The Student News Site of Colorado State University

The Rocky Mountain Collegian

The Student News Site of Colorado State University

The Rocky Mountain Collegian

The Student News Site of Colorado State University

The Rocky Mountain Collegian

Print Edition
Letter to the editor submissions
Have a strong opinion about something happening on campus or in Fort Collins? Want to respond to an article written on The Collegian? Write a Letter to the Editor by following the guidelines here.
Follow Us on Twitter
Flower Power Botanicals in Fort Collins Celebrates ‘420’ all April with these amazing Deals & Promotions:
April 15, 2024

In Colorado, April is always the month to celebrate, especially if you are a medical and recreational marijuana dispensary in Fort Collins. On...

Indigenous artist Joe Pekara shares his journey

Joseph+Sagonige+Yanasi+Pekaras+good+friend+speaks+out+about+the+missing+and+murdered+Indigenous+People+Crisis+that+is+and+has+been+occurring+for+many+years+Feb+15.
Collegian | Lauren Mascardo
Joseph ‘Sagonige Yanasi’ Pekara’s good friend speaks out about the missing and murdered Indigenous People Crisis that is and has been occurring for many years Feb 15.

Since starting his photography journey in 2017, Indigenous Fort Collins artist Joe Pekara has captured striking photographs of nature, concerts and Native American culture.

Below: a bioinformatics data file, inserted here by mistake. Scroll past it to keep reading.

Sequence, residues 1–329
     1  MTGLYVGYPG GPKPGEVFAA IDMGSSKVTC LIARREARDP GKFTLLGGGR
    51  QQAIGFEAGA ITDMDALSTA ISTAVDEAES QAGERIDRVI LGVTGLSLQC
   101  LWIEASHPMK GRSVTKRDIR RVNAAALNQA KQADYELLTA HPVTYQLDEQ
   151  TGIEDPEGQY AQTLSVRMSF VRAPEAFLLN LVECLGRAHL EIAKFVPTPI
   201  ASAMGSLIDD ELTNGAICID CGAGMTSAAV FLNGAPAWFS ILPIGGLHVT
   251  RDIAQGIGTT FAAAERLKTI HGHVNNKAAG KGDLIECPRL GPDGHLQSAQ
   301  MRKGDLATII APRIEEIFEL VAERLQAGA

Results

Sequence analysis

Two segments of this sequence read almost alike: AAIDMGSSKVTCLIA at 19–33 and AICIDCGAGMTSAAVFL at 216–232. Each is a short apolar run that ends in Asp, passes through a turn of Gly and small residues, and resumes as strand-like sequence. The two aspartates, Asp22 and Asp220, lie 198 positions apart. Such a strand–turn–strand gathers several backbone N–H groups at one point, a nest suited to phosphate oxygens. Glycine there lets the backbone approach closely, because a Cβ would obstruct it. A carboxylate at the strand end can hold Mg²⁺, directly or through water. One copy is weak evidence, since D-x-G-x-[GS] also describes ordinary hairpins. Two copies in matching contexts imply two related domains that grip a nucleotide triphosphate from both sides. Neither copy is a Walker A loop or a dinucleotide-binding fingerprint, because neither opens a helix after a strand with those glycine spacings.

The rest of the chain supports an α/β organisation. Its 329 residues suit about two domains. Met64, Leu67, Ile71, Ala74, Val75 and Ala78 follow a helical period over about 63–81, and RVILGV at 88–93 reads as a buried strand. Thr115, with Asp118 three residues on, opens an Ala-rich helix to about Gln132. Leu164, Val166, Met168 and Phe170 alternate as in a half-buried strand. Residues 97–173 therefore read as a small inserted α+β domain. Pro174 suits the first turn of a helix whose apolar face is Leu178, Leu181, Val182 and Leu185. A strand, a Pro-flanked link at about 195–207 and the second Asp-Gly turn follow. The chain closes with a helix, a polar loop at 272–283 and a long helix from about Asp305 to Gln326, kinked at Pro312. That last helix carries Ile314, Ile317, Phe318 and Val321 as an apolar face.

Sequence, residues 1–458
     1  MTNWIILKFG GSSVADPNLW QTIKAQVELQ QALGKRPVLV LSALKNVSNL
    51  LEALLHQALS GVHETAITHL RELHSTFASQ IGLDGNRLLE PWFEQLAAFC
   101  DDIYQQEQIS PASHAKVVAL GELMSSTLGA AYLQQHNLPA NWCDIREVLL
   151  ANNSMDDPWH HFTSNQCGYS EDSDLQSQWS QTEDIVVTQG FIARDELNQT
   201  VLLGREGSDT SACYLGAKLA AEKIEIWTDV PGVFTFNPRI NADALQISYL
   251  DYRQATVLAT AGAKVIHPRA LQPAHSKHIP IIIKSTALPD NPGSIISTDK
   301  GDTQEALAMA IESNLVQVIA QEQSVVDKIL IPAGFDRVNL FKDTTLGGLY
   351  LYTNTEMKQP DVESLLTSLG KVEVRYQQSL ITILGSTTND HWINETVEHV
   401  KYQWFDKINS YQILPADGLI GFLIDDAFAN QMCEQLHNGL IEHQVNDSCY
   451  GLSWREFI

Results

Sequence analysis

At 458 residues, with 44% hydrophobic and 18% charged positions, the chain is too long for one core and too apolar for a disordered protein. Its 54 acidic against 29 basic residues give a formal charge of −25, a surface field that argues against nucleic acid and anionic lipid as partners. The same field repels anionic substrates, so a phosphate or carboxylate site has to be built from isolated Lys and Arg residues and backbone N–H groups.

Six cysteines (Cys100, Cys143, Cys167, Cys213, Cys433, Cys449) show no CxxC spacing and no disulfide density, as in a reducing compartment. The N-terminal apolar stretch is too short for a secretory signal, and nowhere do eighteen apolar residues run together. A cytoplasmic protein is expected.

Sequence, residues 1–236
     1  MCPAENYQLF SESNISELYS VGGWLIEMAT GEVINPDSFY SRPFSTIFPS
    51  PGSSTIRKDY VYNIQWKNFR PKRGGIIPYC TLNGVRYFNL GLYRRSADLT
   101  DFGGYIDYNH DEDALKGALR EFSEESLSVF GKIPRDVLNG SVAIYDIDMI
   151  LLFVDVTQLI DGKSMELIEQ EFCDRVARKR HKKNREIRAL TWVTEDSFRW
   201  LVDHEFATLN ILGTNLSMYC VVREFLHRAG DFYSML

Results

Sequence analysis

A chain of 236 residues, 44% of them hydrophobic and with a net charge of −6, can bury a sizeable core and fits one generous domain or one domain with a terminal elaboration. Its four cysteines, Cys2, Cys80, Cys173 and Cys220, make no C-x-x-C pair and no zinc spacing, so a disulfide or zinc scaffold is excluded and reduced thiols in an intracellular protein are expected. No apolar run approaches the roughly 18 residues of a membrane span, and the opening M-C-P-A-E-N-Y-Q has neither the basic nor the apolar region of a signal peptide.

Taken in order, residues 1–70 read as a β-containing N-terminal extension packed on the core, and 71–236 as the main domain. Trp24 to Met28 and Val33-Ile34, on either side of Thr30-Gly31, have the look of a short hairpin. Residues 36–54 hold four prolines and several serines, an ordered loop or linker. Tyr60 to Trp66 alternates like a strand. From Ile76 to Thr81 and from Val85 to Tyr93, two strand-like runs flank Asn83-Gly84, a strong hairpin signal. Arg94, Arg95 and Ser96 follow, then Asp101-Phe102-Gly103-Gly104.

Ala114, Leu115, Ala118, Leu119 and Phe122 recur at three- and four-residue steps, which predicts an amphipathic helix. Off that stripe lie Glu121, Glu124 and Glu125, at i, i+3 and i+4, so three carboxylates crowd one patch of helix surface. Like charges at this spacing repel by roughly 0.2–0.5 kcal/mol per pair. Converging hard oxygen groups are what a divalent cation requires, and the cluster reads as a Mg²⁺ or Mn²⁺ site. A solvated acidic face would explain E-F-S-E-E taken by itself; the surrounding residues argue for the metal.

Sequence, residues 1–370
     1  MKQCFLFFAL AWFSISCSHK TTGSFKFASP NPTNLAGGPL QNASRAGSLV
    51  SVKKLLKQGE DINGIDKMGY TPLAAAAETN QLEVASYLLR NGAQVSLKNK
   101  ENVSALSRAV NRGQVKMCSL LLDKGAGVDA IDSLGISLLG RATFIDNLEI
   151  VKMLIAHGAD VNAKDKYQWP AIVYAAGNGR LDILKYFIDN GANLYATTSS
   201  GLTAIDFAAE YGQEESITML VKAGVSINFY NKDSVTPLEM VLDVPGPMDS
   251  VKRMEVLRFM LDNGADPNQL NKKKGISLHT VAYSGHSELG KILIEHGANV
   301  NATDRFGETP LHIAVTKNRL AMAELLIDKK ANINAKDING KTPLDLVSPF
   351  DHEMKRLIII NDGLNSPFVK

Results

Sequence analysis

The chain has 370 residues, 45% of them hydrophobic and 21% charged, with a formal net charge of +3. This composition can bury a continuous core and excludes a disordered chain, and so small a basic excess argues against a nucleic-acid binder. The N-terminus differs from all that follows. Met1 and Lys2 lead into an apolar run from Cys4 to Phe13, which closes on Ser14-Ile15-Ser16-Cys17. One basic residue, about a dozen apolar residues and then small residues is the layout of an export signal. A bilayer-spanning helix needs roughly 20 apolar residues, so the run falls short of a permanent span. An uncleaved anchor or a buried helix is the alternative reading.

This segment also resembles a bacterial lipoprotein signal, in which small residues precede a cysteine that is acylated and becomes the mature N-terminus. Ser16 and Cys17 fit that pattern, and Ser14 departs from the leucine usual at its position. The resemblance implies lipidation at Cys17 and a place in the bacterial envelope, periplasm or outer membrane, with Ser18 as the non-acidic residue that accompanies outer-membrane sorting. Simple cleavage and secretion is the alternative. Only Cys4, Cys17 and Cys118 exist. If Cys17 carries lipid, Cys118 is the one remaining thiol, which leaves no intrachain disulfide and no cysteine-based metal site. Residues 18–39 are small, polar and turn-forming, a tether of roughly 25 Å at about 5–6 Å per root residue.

Pekara, also known under his artistic moniker Pharaoh 171, hosted an artist talk Feb. 15 to discuss his exhibit at the Gregory Allicar Museum of Art.

Ad

He is currently working for rapper 50 Cent. 

“When my uncle passed away in 2016, my grandmother gifted me his camera; … when he passed I got really into (photography),” Pekara said. “It was like a coping thing because he was like my best friend.” 

“Her and I receiving the CRA award for the Grammys was really special. I think it was the (least noticed) success for Indigenous people, so to have it displayed means a lot. Not to be self centered, but I don’t think the project we did got the attention it should have received.” -Joe Pekara, Indigenous Fort Collins artist 

He started with photographs taken locally in Fort Collins. 

“I would go out and just be in nature,” Pekara said. 

Pekara started doing photography as a career through a friend who opened for the band Hieroglyphics at the Aggie Theatre in Old Town. He sent Hieroglyphics the photos he took.

“I wasn’t trying to get any work out of it,” Pekara said. “It was just, you know, ‘I took it, here it is,’ and a few weeks later they offered me a job,” 

Many artists see their art much differently than a viewer might.

“Looking at a photo, to me, is probably more intimate than if you looked at the same one,” Pekara said. “I know where I took that photo, I know the spot where I was mentally at that time. So to see those moments come to a brighter moment, that’s awesome.” 

Pekara’s exhibit is currently on display at the Colorado State University Center for the Arts. Some photos are printed on photo paper, but others are done on natural materials like wood and leather, which was enabled by a Fort Collins printing business called Wood & Slate.

Ad

The exhibit is a collaboration with Red Berry Woman, an Indigenous fashion designer based in North Dakota whose legal name is Norma Baker-Flying Horse. Pekara and Red Berry Woman won the Cultural Recognition Award at the 64th annual Grammy Awards in April 2022, leaving Pekara with a total of four Grammy awards. The exhibit also includes other aspects of Pekara’s work, including concert photographs and some of his first nature shots.